Research Papers: Gas Turbines: Structures and Dynamics

A Probabilistic Secondary Flow System Design Process for Gas Turbine Engines

[+] Author and Article Information
Douglas L. Ramerth

Methods and Tools Development, Honeywell International, Phoenix, AZ 85034

Alexander V. MirzaMoghadam

Advanced Technology Development, Honeywell International, Phoenix, AZ 85034

Ashish Kiratsingh, Gaurav Banda

 Honeywell Technical Services, Bangalore 10, India 560037

J. Eng. Gas Turbines Power 133(9), 092502 (Apr 19, 2011) (8 pages) doi:10.1115/1.4002829 History: Received July 02, 2010; Revised July 16, 2010; Published April 19, 2011; Online April 19, 2011

Gas turbine engine secondary flow systems are sensitive to variation in part dimensions, clearances, flow coefficients, swirl ratios, head loss factors, tolerances, boundary conditions, etc. This paper reveals a process and software application, which embodies the process, wherein both offer a measurable contribution to secondary airflow system reliability. The probabilistic methodology is empirically validated by (1) applying it to an engine component that failed in a validation test and (2) demonstrating that a multiple order sensitivity analysis performed during detailed design was unable to detect a failure mode while a probabilistic analysis revealed a small yet significant risk of failure. Therefore, a secondary flow analyst does not have a justifiable reason to be highly confident of a design qualified by a first, second, or higher order sensitivity analysis. The last example empirically demonstrates the compatibility of optimization techniques with probabilistic methods (as part of the process) to quantify the likelihood of failure and reveal an optimized design space of key characteristics, where risk is eliminated and the effects of variation are controlled. Trade study analysis is more valuable if it includes a quantitative evaluation of the effects of variation on alternate designs and the response to failure modes. A key feature of the software application is a relational database with the capability to configure and effectively manage flow networks in many forms including a status model, failure modes of the status model, multiple alternative designs, as well as failure modes specific to an alternative design.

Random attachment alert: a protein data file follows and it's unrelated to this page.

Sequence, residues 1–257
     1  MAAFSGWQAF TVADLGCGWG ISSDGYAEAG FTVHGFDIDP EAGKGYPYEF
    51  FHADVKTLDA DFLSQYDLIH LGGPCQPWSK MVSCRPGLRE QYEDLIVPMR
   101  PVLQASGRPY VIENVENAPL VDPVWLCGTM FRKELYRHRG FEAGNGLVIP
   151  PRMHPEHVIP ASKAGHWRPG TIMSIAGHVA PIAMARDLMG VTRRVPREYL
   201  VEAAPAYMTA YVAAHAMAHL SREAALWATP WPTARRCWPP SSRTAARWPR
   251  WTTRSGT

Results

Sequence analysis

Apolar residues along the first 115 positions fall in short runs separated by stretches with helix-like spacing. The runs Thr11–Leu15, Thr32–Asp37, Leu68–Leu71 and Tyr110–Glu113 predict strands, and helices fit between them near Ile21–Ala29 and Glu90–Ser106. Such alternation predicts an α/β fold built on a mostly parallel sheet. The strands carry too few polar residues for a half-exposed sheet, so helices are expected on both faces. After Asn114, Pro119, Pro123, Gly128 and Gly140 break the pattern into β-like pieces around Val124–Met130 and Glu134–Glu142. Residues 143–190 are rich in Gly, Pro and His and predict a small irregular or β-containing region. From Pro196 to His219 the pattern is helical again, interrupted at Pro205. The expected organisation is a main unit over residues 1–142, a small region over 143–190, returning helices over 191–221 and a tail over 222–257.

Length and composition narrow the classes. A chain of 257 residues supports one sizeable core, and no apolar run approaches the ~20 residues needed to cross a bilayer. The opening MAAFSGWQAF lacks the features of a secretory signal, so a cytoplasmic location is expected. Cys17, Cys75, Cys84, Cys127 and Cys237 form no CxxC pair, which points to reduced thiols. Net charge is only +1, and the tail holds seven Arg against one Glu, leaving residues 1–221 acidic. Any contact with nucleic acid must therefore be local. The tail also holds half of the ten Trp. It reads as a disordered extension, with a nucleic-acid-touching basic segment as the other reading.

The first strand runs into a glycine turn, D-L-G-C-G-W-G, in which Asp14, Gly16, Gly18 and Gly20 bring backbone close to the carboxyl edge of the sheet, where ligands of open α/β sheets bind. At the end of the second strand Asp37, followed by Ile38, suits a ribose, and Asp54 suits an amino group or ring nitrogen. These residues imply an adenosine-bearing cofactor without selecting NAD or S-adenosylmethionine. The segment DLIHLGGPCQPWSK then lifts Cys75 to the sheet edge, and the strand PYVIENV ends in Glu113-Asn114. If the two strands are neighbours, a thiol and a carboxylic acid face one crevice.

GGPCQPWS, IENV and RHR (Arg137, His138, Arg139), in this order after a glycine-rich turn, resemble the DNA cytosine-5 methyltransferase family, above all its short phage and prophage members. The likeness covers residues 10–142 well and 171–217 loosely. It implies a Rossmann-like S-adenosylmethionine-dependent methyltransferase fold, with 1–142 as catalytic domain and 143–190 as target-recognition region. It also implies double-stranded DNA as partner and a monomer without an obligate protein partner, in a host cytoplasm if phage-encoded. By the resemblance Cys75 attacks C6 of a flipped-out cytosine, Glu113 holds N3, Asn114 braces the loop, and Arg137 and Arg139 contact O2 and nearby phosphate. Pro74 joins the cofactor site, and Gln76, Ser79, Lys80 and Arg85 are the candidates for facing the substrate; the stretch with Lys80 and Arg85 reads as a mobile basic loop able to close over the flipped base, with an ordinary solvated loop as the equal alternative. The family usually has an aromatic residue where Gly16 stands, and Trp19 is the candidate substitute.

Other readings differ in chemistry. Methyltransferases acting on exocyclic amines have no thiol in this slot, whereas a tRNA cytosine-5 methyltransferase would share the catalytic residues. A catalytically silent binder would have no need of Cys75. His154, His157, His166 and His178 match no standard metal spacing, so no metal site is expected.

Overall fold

Copyright © 2011 by American Society of Mechanical Engineers
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Figure 1

VNET process diagram

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Figure 2

PT1-PT2 interstage labyrinth seal

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Figure 3

Disk cavity ingestion

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Figure 4

(a) Labyrinth seal temperature runaway and (b) labyrinth seal clearance runaway

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Figure 5

PT1 aft hub-line ingestion (%) variability

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Figure 6

(a) HP-LP shaft cooling and (b) HP-LP shaft cooling schematic

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Figure 7

HPT disk bore cooling sensitivity (%)

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Figure 8

Probability distribution of HPT disk bore cooling flow with labyrinth seal 2

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Figure 9

Probability distribution of HPT disk bore cooling without labyrinth seal 2

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Figure 10

LPT aft seal plate inner orifice diameter (normalized with respect to orifice inlet radius)



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